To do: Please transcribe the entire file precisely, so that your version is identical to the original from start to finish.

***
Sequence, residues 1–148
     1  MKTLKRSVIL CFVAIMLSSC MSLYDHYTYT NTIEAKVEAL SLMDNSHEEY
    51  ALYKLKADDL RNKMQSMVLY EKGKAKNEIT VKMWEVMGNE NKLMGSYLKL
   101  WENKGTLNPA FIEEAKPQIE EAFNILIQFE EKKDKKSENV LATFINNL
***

Sequence, residues 1–148
     1  MKTLKRSVIL CFVAIMLSSC MSLYDHYTYT NTIEAKVEAL SLMDNSHEEY
    51  ALYKLKADDL RNKMQSMVLY EKGKAKNEIT VKMWEVMGNE NKLMGSYLKL
   101  WENKGTLNPA FIEEAKPQIE EAFNILIQFE EKKDKKSENV LATFINNL